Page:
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The Man in the Dog ParkComing Up Close to Homelessness$
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Cathy A. Small

Print publication date: 2020

Print ISBN-13: 9781501748783

Published to Cornell Scholarship Online: September 2020

DOI: 10.7591/cornell/9781501748783.001.0001

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The Stigma of Being Homeless

The Stigma of Being Homeless

Chapter:
(p.24) 3 The Stigma of Being Homeless
Source:
The Man in the Dog Park
Author(s):

Cathy A. Small

Jason Kordosky

Ross Moore

Publisher:
Cornell University Press
DOI:10.7591/cornell/9781501748783.003.0003

This chapter focuses on the stigma of being homeless. As demanding and unpleasant as the physical conditions of being homeless are, they are not, for many, the primary challenge of being without a residence. One of the most difficult transitions for individuals in becoming homeless is taking on the homeless identity. The chapter then identifies three discourses that people use to discuss and interpret homelessness: (1) sin-talk, in which homelessness is seen to arise from the character flaws or immorality of the homeless individual; (2) sick-talk, in which homelessness is framed as an illness that should be treated and cured; and (3) system-talk, in which homelessness is framed as the product of systemic injustice or instability. These narratives do not simply represent public perception; they enter, regionally and historically, into policy decisions. Indeed, they affect the homeless' view of themselves.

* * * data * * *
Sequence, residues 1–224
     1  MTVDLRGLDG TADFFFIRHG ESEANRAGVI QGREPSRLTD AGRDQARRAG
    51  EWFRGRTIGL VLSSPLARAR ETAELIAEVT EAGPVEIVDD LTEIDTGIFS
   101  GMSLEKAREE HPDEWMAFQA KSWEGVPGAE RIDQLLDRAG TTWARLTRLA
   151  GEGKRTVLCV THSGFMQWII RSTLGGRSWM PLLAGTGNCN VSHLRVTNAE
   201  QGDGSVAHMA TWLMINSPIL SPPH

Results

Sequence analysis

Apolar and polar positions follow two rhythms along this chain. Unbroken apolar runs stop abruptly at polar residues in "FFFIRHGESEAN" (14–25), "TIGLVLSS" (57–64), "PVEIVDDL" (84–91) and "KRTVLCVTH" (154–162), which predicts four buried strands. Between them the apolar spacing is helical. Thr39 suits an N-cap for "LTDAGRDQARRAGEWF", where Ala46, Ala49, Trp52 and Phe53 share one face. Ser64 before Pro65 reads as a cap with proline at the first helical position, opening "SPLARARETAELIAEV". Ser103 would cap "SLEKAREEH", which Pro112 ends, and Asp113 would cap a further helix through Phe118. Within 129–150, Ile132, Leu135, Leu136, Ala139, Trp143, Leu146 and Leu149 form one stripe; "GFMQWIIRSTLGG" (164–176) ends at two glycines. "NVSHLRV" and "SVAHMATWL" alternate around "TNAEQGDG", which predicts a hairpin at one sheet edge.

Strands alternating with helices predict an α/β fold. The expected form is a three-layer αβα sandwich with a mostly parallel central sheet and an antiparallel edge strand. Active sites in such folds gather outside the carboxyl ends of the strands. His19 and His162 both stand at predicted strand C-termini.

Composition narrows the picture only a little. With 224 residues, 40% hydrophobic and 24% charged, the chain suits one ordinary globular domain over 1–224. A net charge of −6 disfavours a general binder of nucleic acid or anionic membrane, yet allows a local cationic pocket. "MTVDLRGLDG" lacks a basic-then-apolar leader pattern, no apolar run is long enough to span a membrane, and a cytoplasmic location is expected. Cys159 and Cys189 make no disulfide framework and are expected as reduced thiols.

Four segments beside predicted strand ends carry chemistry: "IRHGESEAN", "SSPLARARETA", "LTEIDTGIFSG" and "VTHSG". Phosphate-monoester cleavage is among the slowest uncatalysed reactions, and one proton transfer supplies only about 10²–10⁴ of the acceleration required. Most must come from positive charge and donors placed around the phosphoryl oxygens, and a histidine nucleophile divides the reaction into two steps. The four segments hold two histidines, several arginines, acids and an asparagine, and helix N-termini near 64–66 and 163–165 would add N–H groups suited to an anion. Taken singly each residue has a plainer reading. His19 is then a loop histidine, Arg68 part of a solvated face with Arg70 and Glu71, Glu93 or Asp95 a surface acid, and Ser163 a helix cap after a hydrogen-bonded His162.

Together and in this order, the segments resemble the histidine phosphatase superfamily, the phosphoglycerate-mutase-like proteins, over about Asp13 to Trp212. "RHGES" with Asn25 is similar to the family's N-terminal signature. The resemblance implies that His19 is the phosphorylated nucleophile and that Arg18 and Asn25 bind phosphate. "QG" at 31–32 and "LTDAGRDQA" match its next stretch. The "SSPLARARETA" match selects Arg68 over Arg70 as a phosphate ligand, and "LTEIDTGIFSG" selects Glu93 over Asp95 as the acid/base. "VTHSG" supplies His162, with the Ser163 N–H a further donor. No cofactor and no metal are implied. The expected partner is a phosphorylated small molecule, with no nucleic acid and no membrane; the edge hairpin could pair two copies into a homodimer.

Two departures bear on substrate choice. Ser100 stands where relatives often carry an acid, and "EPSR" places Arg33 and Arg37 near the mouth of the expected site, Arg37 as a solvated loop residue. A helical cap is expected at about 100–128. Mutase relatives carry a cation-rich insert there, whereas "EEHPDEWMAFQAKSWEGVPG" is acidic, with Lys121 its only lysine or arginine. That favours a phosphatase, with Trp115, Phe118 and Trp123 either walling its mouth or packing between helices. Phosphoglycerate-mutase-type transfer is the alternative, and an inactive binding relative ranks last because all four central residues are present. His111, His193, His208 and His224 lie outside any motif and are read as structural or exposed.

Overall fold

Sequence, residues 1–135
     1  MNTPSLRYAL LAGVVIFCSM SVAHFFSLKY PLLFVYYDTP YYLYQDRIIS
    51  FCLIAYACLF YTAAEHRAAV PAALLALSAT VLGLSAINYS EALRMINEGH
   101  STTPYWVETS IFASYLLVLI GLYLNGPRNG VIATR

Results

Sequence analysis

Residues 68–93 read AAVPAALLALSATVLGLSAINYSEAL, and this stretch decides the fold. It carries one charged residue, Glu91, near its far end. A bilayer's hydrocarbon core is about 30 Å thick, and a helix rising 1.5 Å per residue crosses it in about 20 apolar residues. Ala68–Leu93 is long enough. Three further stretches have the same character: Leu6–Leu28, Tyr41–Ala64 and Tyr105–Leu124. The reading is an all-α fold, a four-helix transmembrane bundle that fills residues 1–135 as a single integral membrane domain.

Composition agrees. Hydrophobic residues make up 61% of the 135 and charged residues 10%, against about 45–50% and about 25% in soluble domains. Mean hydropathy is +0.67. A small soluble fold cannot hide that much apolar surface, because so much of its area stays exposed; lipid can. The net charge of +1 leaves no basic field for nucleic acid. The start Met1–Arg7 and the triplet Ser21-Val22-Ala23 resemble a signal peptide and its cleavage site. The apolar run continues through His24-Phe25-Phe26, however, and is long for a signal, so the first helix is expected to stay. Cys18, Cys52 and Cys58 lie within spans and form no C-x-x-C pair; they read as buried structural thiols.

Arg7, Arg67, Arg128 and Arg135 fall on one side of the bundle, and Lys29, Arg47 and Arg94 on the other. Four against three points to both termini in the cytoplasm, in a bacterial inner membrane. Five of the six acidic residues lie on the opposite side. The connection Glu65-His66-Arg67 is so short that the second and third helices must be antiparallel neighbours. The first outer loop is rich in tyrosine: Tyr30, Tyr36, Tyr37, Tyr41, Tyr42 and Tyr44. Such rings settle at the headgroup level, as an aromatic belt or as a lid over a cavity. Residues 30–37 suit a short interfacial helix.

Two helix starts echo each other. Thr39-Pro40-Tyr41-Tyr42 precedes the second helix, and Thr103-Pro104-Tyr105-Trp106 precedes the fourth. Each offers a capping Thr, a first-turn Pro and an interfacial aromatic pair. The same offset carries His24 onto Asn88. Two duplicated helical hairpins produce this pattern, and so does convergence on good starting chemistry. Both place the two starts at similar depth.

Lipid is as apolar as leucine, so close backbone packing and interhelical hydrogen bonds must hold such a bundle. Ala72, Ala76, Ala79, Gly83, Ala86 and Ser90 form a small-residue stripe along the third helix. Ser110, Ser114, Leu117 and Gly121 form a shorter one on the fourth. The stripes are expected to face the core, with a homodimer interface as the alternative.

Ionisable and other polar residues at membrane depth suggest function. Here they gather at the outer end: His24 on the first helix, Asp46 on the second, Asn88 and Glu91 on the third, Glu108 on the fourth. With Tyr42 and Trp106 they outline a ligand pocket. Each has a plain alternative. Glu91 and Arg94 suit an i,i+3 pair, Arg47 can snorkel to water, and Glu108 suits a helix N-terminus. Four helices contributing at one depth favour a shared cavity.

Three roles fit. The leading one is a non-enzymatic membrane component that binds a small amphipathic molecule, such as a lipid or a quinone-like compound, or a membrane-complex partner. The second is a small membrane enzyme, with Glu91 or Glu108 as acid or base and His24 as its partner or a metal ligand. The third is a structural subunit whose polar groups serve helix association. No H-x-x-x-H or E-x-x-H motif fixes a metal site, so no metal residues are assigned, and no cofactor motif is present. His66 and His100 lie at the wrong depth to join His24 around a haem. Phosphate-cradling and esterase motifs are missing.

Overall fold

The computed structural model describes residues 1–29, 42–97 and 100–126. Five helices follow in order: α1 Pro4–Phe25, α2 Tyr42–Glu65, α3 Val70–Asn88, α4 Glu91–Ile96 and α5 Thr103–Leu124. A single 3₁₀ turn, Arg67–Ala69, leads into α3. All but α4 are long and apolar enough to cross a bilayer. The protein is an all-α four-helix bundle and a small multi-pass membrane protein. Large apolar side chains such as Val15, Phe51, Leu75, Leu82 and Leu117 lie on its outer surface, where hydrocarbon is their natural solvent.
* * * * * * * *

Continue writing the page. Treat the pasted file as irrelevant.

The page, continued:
Keywords:   stigma, homeless people, homeless identity, homelessness, immorality, illness, systemic injustice, systemic instability, public perception, policy decisions

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